We tend to think of the Bible as divided between Old and New Testaments because it is. But let us consider the Bible as pointing toward three narrative arcs in the history of God’s relationship with his people.
The first arc tells how pre-exilic Israelite religion came to center on the life of the temple in Jerusalem, beginning with Genesis and running through Kings and Chronicles. Thus at the heart of Judaism lies a memory of the cultic life of Solomon’s Temple, where together his people honored the one God, assured of his presence and the attendant security it brought them.
But all that stopped with the Babylonian invasion in the early 6th century B.C., the razing of Jerusalem, the destruction of the temple, and, once again, enslavement of the Jews in a foreign land (this time in Babylon rather than in Egypt).
And it is here that a new arc begins, for God’s chosen and beloved had to learn how they might honor him and experience his presence without that temple. Happily, the Persians’ victory over the Babylonians allowed them to go back into the Promised Land. But even in return they could never forget the experience of exile.
The book of Ezra, together with the book of Nehemiah, recount the events following the initial return to Jerusalem, events in which both Ezra, as a religious authority, and Nehemiah, as a statesman, had significant roles.
Of course, they sought to rebuild the Temple. But in the third chapter of Ezra we hear a remarkable account of that experience, one that points to how indelibly exile had changed them:
“But many of the priests and Levites and heads of fathers’ houses, old men who had seen the first house, wept with a loud voice when they saw the foundation of this house being laid, though many shouted aloud for joy, so that the people could not distinguish the sound of the joyful shout from the sound of the people’s weeping, for the people shouted with a great shout, and the sound was heard far away” (Ezra 3:12-13).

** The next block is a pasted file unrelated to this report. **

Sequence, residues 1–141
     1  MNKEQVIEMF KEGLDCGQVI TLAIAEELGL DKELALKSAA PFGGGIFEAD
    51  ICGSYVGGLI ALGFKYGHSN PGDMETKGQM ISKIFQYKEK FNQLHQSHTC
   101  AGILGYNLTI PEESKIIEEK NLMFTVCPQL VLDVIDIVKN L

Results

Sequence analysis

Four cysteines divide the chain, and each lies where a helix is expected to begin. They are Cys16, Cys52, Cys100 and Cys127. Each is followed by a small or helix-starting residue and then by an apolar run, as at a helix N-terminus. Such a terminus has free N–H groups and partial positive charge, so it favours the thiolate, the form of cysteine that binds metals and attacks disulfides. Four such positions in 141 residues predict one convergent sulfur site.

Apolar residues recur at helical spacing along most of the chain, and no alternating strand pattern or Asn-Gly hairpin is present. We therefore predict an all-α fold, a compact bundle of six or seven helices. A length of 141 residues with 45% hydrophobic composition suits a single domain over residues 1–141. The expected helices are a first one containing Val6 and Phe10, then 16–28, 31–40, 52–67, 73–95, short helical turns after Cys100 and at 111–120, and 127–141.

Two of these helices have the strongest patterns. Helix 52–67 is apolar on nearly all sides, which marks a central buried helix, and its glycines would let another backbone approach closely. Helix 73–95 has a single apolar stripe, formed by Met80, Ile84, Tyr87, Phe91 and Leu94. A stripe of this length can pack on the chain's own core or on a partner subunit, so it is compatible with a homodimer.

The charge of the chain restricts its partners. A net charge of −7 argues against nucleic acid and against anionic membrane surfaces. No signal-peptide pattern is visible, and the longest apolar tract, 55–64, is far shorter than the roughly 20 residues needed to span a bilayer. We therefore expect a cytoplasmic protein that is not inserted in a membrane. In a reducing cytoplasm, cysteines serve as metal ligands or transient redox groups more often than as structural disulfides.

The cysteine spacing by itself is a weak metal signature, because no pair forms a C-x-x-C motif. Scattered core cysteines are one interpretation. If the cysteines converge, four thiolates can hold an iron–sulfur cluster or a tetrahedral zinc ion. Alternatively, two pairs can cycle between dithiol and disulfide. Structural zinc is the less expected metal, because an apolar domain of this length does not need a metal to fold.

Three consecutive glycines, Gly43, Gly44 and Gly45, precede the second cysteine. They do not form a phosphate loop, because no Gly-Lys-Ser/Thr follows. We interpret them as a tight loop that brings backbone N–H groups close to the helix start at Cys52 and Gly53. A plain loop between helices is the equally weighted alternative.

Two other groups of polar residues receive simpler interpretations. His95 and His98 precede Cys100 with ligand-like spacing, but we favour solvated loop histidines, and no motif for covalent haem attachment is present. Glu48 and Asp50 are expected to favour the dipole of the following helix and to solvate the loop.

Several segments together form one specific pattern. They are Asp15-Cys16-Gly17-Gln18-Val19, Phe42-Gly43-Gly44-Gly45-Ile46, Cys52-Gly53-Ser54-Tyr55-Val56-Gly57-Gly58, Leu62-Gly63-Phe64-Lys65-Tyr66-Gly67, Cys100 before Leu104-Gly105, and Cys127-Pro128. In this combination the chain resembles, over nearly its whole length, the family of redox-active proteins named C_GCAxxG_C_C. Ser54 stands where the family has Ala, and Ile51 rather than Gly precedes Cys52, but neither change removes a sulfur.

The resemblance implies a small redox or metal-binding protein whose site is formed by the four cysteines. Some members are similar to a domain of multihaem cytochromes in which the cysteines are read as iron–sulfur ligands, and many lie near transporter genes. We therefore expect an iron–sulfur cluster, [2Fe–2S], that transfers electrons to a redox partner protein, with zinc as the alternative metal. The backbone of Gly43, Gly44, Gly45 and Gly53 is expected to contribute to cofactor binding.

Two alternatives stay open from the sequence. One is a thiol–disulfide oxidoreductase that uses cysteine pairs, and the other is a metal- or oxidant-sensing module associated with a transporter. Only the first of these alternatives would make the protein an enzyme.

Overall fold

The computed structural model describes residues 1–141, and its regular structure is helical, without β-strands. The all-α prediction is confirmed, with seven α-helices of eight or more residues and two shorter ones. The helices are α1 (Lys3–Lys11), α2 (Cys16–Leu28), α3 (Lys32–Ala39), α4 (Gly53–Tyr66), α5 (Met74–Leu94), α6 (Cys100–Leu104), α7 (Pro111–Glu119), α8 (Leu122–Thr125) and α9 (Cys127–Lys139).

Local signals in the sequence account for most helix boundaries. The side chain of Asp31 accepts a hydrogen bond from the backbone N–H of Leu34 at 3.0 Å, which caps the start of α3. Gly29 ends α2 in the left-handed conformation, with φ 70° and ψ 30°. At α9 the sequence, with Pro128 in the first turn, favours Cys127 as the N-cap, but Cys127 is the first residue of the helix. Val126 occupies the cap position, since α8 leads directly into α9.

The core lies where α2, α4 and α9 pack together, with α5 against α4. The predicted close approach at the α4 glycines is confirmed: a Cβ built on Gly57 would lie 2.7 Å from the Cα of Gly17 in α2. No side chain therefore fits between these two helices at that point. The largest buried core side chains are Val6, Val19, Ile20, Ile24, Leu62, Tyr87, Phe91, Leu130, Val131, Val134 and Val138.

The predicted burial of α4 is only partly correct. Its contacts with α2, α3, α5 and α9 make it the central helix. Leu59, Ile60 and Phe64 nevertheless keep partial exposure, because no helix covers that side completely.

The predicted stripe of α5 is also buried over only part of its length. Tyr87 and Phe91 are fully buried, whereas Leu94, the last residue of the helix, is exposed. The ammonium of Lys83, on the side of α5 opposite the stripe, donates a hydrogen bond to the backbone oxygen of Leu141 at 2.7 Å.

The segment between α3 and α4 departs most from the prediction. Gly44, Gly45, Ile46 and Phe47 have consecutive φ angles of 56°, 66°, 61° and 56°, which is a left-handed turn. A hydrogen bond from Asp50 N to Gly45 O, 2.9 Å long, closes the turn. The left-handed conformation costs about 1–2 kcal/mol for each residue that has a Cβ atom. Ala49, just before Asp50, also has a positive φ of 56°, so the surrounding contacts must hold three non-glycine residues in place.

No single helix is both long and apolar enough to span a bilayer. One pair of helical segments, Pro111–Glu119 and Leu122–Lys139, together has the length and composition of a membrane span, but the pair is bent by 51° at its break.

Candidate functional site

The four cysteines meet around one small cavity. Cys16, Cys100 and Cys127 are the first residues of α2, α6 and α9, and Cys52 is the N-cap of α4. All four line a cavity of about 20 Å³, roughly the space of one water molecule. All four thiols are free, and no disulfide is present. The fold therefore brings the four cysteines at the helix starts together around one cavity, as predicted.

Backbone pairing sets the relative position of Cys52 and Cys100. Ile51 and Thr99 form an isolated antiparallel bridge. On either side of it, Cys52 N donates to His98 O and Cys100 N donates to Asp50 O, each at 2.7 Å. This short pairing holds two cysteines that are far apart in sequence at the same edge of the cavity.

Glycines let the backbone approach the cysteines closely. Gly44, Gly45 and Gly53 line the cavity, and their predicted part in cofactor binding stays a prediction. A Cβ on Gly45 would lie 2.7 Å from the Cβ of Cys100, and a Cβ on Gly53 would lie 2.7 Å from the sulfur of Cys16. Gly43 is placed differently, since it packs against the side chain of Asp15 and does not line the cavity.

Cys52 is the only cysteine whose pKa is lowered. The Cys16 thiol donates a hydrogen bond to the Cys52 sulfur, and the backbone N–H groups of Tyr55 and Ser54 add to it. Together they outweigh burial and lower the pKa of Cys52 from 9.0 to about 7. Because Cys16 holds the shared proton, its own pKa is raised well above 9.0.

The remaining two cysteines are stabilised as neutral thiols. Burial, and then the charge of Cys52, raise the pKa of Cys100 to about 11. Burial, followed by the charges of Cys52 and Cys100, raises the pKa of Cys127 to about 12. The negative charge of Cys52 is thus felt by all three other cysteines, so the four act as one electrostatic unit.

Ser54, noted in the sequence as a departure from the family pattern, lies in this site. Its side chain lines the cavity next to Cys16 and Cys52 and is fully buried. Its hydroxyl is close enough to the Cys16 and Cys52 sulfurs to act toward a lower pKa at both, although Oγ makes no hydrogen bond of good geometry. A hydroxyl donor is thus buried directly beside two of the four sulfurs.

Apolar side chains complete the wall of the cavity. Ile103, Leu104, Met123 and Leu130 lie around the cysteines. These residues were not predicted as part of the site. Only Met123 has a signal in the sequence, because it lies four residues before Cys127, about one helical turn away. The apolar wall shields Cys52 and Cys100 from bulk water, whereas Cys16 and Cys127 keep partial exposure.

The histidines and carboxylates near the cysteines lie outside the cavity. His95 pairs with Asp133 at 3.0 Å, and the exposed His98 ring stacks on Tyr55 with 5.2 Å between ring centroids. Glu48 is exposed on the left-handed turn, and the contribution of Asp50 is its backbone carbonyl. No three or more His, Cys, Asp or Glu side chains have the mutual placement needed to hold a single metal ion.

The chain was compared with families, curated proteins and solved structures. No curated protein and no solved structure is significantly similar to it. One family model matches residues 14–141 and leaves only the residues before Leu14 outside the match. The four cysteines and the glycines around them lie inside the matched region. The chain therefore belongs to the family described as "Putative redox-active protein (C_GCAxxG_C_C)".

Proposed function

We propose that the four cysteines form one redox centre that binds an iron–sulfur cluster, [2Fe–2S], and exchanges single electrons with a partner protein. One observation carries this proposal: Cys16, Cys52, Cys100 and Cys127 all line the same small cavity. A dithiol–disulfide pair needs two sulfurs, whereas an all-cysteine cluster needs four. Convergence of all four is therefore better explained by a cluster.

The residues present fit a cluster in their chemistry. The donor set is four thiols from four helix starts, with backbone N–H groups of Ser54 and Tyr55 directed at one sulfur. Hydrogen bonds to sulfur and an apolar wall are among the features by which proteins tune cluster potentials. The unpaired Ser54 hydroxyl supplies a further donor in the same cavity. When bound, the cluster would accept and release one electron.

Between the jubilation of those for whom that temple was only a cultural memory and the sense of sorrow of those who had seen that first temple themselves, we as readers witness the depth of individual response that this project elicited.
In exile, the Israelites came to understand the Temple and their relationship to God in more personal terms – and to recognize something that had been true all along. For despite King Josiah’s emphasis on Temple worship, the home was the locus of so many important religious observances, e.g., circumcision, Passover and the Sabbath. God’s relationship with the Israelites was never so much about how and where, as who and what they were: his chosen lineage. Seen in this light, that long genealogical table in the second chapter of Ezra makes more sense.
It is a lesson we as Christian readers, should take to heart. For when later generations lost sight of how personal God’s love was, “Jesus answered them, ‘Destroy this temple, and in three days I will raise it up’” (John 2:19).
For God was more present in Jesus than he had ever been in any building made with hands. It is in Christ that this second arc finds its conclusion, in the recognition that the presence of God is more than something experienced in the Temple’s cult.
And in Christ we have the promise that God’s presence now dwells within us by the power of the Spirit, so that we ourselves are temples for the Lord (1 Cor. 6:19). Whatever harm may come to that temple, God has the power to raise it up once again, just as he did the temple that was Christ’s body.
So whether you shout in joyous anticipation, or weep for what you leave behind, behold in him the beginning of the third great arc in the story of God’s love extended to his people, the one that you and I are writing with our lives. It is the story that begins with our faith in Christ that makes us temples of his spirit, and shall end in life with him forever.